'Fred K.' is the $2.7 million winner of McHenry Queen of Hearts raffle
After 10 weeks of suspense, a "Fred K." was picked as the grand prize winner Tuesday night in the wildly popular Queen of Hearts raffle run by McHenry VFW Post 4600.
Fred K. will receive $2,738,020 before taxes, 50% of the $5,476,041 pot. State and federal taxes total 33%, so take-home winnings will be about $1,834,474.
Fred K. was not in the house or did not come forward after his ticket was pulled from the drum by McHenry Mayor Wayne Jett and the number he had picked -- 16 -- revealed the coveted queen of hearts.
And there were other winners as new rules for this run of the game awarded prizes of $5,000 to $30,000 for face cards. A total of $170,000 was awarded before the big one hit.
"We'll contact everybody tonight," said Ben Keefe, the post's senior vice commander. The VFW, he added, will not reveal the identities of the winners if they wish to remain anonymous.
"If they were in this room and didn't come forward and kept a straight face, I would be very impressed," Keefe said.
Winners have 24 hours from being contacted or having a voicemail left to contact the post, Keefe said. No winner has ever not responded during that time, he said.
Twelve envelopes remained unopened at the beginning of the night and the queen of hearts wasn't found until the 14th draw, as for a few of the numbers drawn, the players selected envelopes already picked. The drawdown, in which tickets are drawn and cards revealed until a winner emerges, was mandated because of city rules limiting the duration of the game to the end of August. Two envelopes remained in the end.
The packed hall ebbed and flowed with cheers and moans as numbers were turned and the queen remained hidden. But the crowd erupted and confetti flew after Keefe displayed the queen of hearts. While the winner received 50% of the pot, the VFW is taking 40% and the remaining 10% is reserved as the base for a new game.
Kim Kolb of Grayslake had a front-row seat for the drawing. Her ticket number was drawn during the last big game, but her number wasn't a winner and she left with a $100 consolation prize.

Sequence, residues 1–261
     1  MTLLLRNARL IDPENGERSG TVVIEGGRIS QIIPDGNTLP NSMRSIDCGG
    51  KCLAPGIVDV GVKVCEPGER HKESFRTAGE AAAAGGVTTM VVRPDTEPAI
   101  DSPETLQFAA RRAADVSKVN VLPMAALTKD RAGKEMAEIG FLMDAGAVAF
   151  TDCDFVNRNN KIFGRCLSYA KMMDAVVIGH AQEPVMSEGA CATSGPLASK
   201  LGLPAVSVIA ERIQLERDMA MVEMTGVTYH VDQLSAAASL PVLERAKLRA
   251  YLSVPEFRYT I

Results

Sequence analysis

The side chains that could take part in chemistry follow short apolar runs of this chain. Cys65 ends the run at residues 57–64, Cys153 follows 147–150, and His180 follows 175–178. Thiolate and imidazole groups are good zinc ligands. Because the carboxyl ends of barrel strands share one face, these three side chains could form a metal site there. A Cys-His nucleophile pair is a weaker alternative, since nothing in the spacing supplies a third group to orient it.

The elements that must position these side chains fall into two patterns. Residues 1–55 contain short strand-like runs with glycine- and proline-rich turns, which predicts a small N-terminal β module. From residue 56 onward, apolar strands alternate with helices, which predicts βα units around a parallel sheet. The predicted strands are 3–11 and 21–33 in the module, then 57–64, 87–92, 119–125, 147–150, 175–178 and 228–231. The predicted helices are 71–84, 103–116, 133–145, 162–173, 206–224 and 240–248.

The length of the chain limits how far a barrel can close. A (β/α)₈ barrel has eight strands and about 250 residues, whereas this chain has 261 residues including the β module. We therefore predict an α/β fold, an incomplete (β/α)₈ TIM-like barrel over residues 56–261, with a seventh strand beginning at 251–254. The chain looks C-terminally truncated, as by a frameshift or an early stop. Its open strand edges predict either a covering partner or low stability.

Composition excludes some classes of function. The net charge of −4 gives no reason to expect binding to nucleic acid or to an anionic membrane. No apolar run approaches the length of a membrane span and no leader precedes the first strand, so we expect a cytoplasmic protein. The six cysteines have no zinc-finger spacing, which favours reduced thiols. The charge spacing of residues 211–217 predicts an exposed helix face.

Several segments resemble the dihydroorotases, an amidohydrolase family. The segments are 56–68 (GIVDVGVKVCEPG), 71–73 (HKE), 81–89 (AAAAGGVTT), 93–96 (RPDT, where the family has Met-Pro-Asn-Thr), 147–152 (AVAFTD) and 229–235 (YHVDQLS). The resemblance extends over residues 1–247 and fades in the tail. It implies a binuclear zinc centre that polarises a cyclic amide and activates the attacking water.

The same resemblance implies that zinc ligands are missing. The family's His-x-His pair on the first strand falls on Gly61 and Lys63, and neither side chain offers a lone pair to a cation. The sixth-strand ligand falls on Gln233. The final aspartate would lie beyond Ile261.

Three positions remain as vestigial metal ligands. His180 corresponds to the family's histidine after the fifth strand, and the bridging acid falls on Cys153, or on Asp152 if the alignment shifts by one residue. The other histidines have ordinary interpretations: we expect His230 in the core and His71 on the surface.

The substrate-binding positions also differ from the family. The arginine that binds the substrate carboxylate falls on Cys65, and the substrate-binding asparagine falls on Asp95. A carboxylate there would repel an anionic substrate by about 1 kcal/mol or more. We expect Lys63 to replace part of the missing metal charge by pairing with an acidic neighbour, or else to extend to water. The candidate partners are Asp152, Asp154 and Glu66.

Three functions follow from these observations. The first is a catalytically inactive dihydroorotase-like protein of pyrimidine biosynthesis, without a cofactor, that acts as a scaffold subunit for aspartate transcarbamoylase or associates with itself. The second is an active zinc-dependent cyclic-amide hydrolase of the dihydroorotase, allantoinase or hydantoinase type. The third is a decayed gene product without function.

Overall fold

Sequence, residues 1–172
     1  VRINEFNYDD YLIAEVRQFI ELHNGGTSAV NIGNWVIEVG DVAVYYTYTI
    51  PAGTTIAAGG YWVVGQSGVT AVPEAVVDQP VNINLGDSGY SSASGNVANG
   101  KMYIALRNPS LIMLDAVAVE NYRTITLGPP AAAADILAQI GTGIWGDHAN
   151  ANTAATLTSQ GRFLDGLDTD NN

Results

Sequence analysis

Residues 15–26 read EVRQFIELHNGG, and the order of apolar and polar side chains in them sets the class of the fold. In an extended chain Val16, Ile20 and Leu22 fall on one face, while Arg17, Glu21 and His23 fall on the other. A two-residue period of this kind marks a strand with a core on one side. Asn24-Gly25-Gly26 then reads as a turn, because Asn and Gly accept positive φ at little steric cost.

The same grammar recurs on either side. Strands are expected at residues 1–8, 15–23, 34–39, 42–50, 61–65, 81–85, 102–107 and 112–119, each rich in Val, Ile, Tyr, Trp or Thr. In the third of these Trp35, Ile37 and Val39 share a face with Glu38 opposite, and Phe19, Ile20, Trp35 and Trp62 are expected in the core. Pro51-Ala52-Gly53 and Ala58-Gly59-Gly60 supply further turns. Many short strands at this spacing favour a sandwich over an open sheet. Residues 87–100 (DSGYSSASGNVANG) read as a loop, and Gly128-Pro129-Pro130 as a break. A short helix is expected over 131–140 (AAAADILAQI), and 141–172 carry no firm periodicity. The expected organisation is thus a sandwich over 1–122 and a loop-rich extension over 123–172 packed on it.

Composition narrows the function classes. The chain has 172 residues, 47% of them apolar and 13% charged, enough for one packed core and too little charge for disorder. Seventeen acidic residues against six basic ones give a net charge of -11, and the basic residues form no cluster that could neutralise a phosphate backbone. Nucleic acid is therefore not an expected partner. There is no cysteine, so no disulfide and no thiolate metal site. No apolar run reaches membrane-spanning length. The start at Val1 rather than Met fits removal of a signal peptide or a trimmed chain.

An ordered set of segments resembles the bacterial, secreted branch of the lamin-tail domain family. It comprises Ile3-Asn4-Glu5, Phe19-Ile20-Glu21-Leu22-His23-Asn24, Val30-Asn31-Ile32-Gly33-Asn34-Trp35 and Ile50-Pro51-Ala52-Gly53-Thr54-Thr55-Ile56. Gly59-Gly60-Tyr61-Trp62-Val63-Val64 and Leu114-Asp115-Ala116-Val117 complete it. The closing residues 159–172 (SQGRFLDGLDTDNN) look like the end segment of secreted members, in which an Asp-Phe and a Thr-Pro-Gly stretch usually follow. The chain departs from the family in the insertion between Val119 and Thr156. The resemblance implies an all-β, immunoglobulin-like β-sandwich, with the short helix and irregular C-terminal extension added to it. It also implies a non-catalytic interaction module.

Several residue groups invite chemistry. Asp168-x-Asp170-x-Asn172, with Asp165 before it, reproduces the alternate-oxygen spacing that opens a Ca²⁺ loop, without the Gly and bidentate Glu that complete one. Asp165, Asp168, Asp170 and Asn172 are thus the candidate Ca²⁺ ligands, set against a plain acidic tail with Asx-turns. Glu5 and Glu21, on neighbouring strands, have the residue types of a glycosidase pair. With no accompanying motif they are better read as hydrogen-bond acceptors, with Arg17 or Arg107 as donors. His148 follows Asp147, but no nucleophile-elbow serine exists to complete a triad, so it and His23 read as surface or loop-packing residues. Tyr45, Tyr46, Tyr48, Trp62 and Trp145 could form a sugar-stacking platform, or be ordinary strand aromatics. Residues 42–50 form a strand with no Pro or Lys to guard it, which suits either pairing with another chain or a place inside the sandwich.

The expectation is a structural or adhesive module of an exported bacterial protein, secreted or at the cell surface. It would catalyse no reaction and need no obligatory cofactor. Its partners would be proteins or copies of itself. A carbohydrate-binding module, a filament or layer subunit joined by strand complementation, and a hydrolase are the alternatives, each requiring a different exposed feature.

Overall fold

"It's really fun," she said after the winner was announced Tuesday. "The energy of the room was fun. You meet so many friends here. The more I came, the more people I know."
The Queen of Hearts weekly drawing restarted June 18 with a prize of $3.4 million after a nine-month breather from the wildly successful and chaotic run that ended last September 2018 with a drawdown because it had become too unwieldy.
The unexpected response to that game, which ended with the winner receiving $4,248,317 before taxes, overwhelmed VFW volunteers and became a phenomenon but created traffic and parking issues and strained municipal resources.
As a result, the game was streamlined and retooled for this year.
"The crowds were a lot larger, there were a lot more tickets sold and a lot of chaos because we never expected to grow as big as we did," said Jeff Homeier, president of the Post 4600 board.
A big difference in this game was tickets cost $5 each rather than six for $5, and the deck was limited to 22 cards -- 10s through aces in every suit and two jokers -- rather than a full deck of 52 plus two jokers.
Another change was that someone was guaranteed from $5,000 to $30,000 every week the Queen of Hearts remained hidden. Last year the consolation prize for someone whose ticket was drawn but didn't reveal the big prize was $100.
This time, ticket sales were limited to a trailer outside. With its portion of the pot, Post 4600 made several improvements, including building a massive parking lot. Ticket sale times were adjusted and parking and ticket sales were confined to one-way traffic.
"Those (changes) all contributed to making it more efficient and effective in moving people through the process," Homeier said.
The VFW also used proceeds to modernize electrical service and other systems, make other building improvements, and donate to veterans programs and services and other organizations.
The original prize limit set by the city was $100,000 in July 2016 but was increased to $6 million last August. This summer, city officials limited the game to the end of August and reduced the winner's share to $1 million after Sept. 1.